FN caught up with Coolhaus Ice Cream CEO and co-founder Natasha Case in Los Angeles last night to chat about the brand’s collaboration with K-Swiss — an apt partnership that aligns with the sneaker label’s focus on highlighting entrepreneurs as the new celebrities.
The shoe, which releases Monday on Kswiss.com, features a classic white leather upper, lace-up design and a pink and blue semiopaque sprinkle sole. On the heel tab, “200 Miles” is written in hot-pink lettering, referencing Case’s 200-mile trek after her truck broke down en route to Coachella, but her perseverance helped catapult Coolhaus to success. Now Case is celebrating her 10-year anniversary, which is emblazoned on the shoe’s tongue.
On her partnership with K-Swiss:
“It was a very very strong partnership from the get-go. I felt like they really wanted to hear my thoughts and understand the story and embed themselves in the brand as much as possible.”
How the shoe came together:
“We wanted the shoe to have a specific food reference, and doing that is very, very tricky. We don’t want to hit you over the head with food on the shoe, so we started exploring what are all the different materials and possibilities and looks and feels, and how far can we push this while still making something wearable and feel comfortable — not like they’re wearing promo material for a brand.”
Key features of the sneaker:
“We came across, not only the sprinkle but the semiopaque sole, which also feels kind of frosted and cold, so it was a way to alluding to the texture and making the connection without it being too obvious or dumbed-down.”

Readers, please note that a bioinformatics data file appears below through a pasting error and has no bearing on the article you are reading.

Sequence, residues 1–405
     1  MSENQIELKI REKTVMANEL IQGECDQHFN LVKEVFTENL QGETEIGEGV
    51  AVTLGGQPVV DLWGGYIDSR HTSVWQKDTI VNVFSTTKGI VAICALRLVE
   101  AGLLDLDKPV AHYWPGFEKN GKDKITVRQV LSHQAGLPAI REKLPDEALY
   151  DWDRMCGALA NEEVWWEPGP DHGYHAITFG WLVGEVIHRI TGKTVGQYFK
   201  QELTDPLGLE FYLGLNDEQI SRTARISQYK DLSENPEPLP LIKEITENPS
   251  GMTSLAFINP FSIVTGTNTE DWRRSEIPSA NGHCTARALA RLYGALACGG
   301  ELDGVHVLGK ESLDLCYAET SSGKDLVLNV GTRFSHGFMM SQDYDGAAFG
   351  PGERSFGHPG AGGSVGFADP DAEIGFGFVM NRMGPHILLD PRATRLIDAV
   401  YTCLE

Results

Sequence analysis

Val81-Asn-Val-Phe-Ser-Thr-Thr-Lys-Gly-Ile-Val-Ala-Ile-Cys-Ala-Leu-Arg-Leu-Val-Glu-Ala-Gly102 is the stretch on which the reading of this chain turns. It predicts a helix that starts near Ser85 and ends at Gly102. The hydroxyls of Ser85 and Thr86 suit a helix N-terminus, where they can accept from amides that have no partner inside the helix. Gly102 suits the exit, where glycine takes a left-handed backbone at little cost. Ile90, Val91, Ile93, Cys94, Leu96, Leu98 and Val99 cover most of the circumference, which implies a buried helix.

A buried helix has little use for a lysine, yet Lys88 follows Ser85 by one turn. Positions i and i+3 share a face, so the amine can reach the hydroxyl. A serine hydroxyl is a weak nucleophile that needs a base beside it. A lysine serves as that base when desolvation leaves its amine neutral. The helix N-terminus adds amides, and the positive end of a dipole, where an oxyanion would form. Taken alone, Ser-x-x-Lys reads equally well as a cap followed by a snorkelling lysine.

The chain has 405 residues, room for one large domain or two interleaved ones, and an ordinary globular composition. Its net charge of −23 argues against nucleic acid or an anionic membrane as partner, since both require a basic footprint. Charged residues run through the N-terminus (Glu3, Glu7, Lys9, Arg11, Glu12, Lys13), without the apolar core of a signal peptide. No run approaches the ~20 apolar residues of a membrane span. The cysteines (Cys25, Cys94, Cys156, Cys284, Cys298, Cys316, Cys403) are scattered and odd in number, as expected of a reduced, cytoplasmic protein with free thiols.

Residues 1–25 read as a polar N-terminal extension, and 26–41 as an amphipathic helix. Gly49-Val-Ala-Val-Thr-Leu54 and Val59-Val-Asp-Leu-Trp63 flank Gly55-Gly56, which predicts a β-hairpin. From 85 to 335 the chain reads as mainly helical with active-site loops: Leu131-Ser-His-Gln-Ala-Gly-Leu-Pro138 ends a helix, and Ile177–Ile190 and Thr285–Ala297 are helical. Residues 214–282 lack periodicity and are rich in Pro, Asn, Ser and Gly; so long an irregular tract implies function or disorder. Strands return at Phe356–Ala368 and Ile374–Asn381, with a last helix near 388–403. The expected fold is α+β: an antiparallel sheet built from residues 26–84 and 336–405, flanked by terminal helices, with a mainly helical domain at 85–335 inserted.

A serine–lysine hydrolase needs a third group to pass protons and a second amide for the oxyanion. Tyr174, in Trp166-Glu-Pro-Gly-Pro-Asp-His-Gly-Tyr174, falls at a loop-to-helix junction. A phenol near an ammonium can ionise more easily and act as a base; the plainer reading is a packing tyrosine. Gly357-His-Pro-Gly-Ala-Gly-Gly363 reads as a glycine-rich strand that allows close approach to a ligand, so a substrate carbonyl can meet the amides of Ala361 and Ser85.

How Coolhaus started with a broken truck and Coachella:
“We needed to get to Coachella, and we figured out that if we joined Triple-A Platinum, we got one free 200-mile tow, so the day that Coachella came, we pretended the truck broke down and they towed us out there, and that is how we started the brand.”
Advice for other aspiring female entrepreneurs:
“Think really big and be very specific about that vision. What do you want in two and five and 10 years? What is it going to mean to you from a business level and also, especially as women, on a personal level? I think as women, sometimes we forget to include ourselves. Like, what are our goals, and how do we make sure this is something we can still feel passionate about as we work our buts off to grow our businesses?”
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Charlie Carballo contributed to this story.